3 stars This is another good album by SFF. I remember vividly when I hosted an FM radio program in Bandung, I used to play "Spain Span Spanish" as background whenever I started talking. This song is the best one featured in this album, in my opinion. The strengths of this strong are in the beauty of melody and how thme music flows from one segment to another. It's quite interesting to notice that the "spacey" component is relatively heavier than other albums of SFF. "Song From India" is also another good track that I keep playing it from this album.

The album title track "Ticket To Everywhere" showcases how the band plays their music in dynamic: some tempo changes, different time signatures and richness of song in providing textures of the song. I consider this song is more on rock fusion style and it has some sudden changes of style throughout the song. Keep on proggin' ..!

Review by Mellotron Storm
2 stars After listening to "Symphonic Pictures" and "Sunburst" this one is a huge disappointment. We are getting close to the eighties at this point and strangly enough there were times I though of eighties music on a couple of these songs. The biggest mistake they made here was eliminating the mellotron then they decided to add vocals to a couple of tracks. "Ticket To Everywhere" seems to be some sort of a concept album about travelling to different places on this earth. Songs like "Spain Span Spanish" and "Song From India" and the title track would indicate this, but the other song titles offer little in that regard, and since this is mostly all instrumental your guess is as good as mine.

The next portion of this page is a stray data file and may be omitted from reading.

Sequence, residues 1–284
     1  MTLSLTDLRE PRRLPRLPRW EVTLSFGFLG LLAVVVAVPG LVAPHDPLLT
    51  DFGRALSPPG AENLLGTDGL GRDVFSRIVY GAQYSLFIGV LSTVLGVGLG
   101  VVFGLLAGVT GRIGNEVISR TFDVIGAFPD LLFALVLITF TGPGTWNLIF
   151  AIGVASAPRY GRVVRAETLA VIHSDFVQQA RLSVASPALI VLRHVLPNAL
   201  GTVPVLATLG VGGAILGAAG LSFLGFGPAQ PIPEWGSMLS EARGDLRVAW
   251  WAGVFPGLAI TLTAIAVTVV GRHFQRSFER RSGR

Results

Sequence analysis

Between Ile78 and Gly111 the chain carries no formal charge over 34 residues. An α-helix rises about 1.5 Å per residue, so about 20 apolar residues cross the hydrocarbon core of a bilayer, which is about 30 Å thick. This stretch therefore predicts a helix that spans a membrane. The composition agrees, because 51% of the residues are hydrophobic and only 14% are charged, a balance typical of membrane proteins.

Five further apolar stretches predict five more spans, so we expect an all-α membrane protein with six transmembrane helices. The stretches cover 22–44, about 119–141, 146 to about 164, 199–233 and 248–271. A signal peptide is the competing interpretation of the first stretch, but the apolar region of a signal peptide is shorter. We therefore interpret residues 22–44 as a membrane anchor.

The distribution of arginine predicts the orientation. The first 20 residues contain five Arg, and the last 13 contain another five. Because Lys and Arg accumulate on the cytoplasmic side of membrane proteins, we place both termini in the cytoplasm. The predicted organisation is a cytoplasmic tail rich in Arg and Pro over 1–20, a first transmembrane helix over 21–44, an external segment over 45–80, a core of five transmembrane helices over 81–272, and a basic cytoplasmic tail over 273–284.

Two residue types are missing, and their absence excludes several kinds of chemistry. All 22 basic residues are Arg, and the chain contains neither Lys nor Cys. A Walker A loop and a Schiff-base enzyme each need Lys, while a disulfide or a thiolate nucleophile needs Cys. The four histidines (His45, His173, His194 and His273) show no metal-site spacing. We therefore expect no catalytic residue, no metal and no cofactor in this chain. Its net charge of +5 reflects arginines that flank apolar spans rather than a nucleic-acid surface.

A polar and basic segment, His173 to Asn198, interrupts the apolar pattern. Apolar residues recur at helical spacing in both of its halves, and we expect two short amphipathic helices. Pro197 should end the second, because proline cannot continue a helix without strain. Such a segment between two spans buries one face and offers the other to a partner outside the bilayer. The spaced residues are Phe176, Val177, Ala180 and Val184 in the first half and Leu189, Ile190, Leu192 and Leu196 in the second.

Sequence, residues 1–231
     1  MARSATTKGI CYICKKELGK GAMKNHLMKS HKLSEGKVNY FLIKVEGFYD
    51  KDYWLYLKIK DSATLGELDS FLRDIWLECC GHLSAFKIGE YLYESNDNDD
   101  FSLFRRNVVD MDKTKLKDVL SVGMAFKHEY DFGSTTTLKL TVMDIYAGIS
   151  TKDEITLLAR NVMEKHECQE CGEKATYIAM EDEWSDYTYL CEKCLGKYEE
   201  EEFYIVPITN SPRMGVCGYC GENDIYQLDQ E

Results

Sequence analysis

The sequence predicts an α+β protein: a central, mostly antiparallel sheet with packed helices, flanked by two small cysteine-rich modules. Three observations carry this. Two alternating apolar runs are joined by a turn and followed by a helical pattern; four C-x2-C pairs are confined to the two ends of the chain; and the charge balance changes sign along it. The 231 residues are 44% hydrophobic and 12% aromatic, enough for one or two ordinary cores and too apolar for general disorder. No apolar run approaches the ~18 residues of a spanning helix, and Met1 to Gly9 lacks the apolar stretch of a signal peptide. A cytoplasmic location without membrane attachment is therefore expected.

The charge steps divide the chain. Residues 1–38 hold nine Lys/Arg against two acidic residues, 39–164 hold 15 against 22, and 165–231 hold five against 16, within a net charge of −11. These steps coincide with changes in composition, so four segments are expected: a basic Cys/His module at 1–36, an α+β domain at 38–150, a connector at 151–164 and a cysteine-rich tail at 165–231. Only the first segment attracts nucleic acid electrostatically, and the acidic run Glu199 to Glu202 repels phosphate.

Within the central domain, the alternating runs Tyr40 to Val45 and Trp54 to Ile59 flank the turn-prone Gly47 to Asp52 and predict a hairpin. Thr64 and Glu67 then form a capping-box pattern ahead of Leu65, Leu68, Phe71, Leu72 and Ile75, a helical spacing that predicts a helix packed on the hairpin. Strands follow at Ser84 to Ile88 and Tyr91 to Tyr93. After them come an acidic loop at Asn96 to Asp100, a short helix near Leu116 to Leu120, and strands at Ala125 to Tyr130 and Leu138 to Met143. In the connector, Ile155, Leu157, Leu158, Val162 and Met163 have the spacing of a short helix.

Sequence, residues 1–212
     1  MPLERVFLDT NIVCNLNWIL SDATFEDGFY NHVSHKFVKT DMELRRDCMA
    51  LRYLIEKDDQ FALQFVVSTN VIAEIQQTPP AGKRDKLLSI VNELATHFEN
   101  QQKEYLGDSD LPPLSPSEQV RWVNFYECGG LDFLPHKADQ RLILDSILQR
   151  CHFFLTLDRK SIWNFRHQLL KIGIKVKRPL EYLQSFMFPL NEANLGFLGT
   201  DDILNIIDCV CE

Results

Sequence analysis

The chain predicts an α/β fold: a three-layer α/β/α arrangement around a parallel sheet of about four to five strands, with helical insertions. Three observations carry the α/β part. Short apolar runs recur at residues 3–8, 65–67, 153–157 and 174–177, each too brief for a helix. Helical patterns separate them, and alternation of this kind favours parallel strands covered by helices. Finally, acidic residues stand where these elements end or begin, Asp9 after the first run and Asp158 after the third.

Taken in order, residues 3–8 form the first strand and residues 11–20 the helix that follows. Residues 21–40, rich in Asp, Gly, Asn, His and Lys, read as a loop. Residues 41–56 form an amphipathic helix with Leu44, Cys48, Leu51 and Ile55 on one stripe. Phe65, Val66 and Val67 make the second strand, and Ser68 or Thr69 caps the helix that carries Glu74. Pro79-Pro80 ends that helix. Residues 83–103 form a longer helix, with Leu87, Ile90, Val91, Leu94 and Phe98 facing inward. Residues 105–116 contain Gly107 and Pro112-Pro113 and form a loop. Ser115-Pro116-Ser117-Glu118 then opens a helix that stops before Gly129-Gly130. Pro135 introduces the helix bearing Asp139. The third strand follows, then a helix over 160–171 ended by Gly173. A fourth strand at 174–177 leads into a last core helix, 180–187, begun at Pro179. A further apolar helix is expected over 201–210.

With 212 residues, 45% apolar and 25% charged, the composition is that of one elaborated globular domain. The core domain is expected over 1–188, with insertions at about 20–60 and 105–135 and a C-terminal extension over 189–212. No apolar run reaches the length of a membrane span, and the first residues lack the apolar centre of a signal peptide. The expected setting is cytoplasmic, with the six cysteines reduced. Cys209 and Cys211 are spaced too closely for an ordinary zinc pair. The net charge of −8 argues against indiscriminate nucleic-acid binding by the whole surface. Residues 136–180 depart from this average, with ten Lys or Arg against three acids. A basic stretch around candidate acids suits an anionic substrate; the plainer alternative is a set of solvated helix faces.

"Open Doors" is a good symphonic track that at times reminds me of GENESIS. There are other times when we hear the liquid sounding keys that you can't help but think of THE DOORS (check out the song title). "Song From India" features guest vocals from SCORPIANS vocalist Klaus Meine. The drums are prominant and it's kind of catchy, but I just don't like it. Reminds me of dance music.

"Ticket To Everywhere" is a good one. The guitar stands out for once including a good solo 1 1/2 minutes in. "Spain Span Spanish" has electronica sounds with very active drums at times. Good synth work as well. "Here And Now" opens with synths, drums and vocals. The synths come in waves and there is a PINK FLOYD-like melody briefly 2 1/2 minutes in. "Slow Motion" is by far my favourite song on this album. The title says it all, this is a relaxing, dreamy tune with some good bass work. Best passage on the album is 2 minutes in. Another good section 7 minutes in. Nice spacey song. "Folk 'n Roll" is an uptempo song with light drums. It's ok.

2.5 stars, for fans only.

Latest members reviews

4 stars One of the last albuns of this German band. Some spacey keiboards with string sounds made a psichedelic space rock context in some parts. Nice album. A litle bit of comercial in some parts but in all album, we can find some good concept music constructions. It's the end of the most prolific mu ... (read more)

Report this review (#292338) | Posted by João Paulo | Wednesday, July 28, 2010 | Review Permanlink

3 stars This is the final and arguably lesser album of the SFF trilogy (Fuhrs and Frohling's Ammerland notwithstanding). `Ticket To Everywhere' represents the sound of 1979 for Progressive music, gone are the dense extended tapestries of old, replaced by a cleaner icy blue soundscape of mini-moog, e ... (read more)

Report this review (#290540) | Posted by beebfader | Friday, July 16, 2010 | Review Permanlink